The movie's shortfall comes with the idea that Ray Kroc isn't a good guy or a bad guy. He's not an antihero either. He's kind of a schlub who has a point with what he does. He's a guy who goes from morally neutral to kind of bad because he kind of has a point. That's not that interesting of a character change. And the movie is about his moral compass. I mentioned There Will Be Blood earlier. Daniel Plainview is an evil man who accepts that he is an evil man. The internal conflict in the movie is when a man who is in control of a situation risks losing that control. Ray Kroc isn't the same story. This is about his very soul, but his soul is kind of blah to begin with. There's a hint that Ray was the kind of guy who saw behind the curtain of what things are versus what things could be. I don't think the real Ray Kroc was that way, but who cares? This is a movie. That idea could really have been pursued. Keaton probably used that frustration to show how Kroc related to rejection and disappointment, but that idea is definitely hidden and left mostly unexplored. Instead, we get more of a historical narrative and explanations of what drove a wedge between Ray Kroc and the McDonald Brothers and Ray Kroc and hist wife. It is very linear. There's not much room for development. The weird thing is that I can see Keaton really crushing this ethical choice. Why couldn't we have a scene where he starts to fall apart and ask if he's doing he right thing? Rather, the picture of Ray Kroc is just a "Get Rich Quick" guy. That character isn't riveting. There's a moment where Kroc just figured out how to save the franchises from going under by saving some money. He is instantly (pun intended) rejected by Dick McDonald and that moment is a major moment for the underdog, Dick. But why couldn't we have Kroc plead with McDonald? Why couldn't he be vulnerable for five seconds and beg? He could have told him the whole story. He could have been a normal person who is humiliated by this little fish who thinks he's being a big man for the first time in their relationship. Think about that moment, when Ray Kroc is metaphorically spat upon and decides to rain down fire upon the brothers because he's desperate. That is such an opportunity and I'm blown away that Hancock didn't take it. "Well, that didn't happen." It may have and, again, this is not a documentary. I'm sure a lot of the movie didn't happen. Except for that fried chicken bit. I'm sure that happened.
I think I hate safety in films. Hancock is a very safe director. The movie removes the vision of the director by giving a color palate that is aesthetically pleasing and reminds us of a better time. I love how we thing of the fifties as ultra-colorful, considering that most of our reference points are in black-and-white. McDonald's has a color palate that we associate and have an instant reference point for, but think of if Hancock went the other way with it. I keep comparing this movie to There Will Be Blood, but that color palate was a choice. Instead, The Founder takes the safe route with its look by giving us the same shades as Remember the Titan and the colorized scenes in Pleasantville. I think we must have collective understanding of what the '50s looked like that must not be at all accurate, but we accept. It's kind of the same thing when things are shot in Mexico with the heavy washed out sepia tint. Thanks a lot, Traffic. The movie also did a lame thing by tricking me with the opening speech. There was a hint that we were going to go all Frank Underwood with the narrative breaking the fourth wall. It would have been gutsy. We would have gotten such a cool insight into Ray Kroc, but it was just one of those things that was a mislead. He's talking to a guy? Lame. That speech is also rough. No one would stick by that speech, nor would a speech be that expository. I'm going to seem really snobby here, but I think he's making his movies for the lowest common denominator. Look at John Lee Hancock's filmography and tell me that he is challenging people. He has a message and I applaud him for that. I guess it is a good thing that he's giving the message to everyone as opposed to the elite, but that message didn't really land because it is so easy to digest. People sometimes need to struggle with material. The movie ended and I had to write this blog simply to become invested in the material. Ray Kroc is kind of a jerk and destroyed someone's personal business to make a buck. McDonald's only cares about money, despite pretending to be the family oriented fast food chain. But I knew that. There has to be a way to engage people to talk to each other and really break things down for themselves. I wish this movie wasn't so blatant and didn't spell things out so clearly. There's not much exploration of the internal conflict despite the fact that this movie is mostly about the internal conflict. It oversimplifies everything and that's a shame.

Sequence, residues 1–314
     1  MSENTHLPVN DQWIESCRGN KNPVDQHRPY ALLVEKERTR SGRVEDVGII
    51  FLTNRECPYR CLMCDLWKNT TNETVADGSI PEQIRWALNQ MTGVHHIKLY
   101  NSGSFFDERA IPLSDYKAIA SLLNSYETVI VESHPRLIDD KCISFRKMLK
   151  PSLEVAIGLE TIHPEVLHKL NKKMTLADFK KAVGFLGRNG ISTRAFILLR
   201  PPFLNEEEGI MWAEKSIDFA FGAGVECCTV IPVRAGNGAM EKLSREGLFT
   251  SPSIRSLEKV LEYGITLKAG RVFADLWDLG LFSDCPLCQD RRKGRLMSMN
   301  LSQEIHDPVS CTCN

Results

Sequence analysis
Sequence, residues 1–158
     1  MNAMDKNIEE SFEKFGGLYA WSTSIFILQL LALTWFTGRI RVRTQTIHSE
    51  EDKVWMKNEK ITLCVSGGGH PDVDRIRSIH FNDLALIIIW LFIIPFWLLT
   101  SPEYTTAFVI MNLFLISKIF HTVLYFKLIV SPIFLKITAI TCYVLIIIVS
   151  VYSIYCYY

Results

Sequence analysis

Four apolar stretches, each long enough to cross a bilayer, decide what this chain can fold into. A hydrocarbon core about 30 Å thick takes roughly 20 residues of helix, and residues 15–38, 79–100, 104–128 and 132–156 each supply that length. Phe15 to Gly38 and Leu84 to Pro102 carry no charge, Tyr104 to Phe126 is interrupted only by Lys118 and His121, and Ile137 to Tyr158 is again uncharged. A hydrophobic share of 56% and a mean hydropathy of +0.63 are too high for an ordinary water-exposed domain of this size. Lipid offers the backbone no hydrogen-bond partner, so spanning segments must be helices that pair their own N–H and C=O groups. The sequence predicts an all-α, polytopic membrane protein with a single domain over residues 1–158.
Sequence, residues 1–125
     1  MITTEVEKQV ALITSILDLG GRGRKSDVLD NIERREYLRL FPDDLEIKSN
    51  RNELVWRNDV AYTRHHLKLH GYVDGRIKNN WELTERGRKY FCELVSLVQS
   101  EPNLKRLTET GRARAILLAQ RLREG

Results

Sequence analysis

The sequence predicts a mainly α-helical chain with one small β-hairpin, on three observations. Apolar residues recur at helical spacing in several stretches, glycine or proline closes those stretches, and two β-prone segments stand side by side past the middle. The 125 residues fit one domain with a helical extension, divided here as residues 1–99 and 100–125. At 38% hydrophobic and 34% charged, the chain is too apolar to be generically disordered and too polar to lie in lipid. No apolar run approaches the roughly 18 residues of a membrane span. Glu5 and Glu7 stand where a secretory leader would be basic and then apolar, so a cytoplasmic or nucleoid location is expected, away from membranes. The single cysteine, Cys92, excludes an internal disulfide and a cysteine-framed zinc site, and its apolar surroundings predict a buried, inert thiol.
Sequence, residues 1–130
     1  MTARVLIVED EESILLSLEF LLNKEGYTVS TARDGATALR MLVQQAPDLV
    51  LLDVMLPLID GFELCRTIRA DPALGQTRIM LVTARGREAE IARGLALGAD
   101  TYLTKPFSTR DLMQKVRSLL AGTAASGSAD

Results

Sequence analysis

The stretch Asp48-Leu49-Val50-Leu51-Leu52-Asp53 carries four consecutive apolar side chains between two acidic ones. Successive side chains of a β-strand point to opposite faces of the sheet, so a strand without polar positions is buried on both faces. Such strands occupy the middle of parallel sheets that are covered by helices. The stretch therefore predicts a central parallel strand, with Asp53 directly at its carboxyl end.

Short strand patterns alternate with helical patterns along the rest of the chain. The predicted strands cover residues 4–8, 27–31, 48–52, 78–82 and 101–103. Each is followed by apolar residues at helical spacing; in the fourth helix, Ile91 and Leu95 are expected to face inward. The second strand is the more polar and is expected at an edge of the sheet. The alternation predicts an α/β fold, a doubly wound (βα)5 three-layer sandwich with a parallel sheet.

I can't stress this enough: this movie isn't bad. In fact, it's good. It's John Lee Hancock's best. It just needed to be great and it really could have been great. It just wasn't.
Film is great. It can challenge us. It can entertain us. It can puzzle us. It can awaken us.
Mr. H has watched an upsetting amount of movies. They bring him a level of joy that few things have achieved.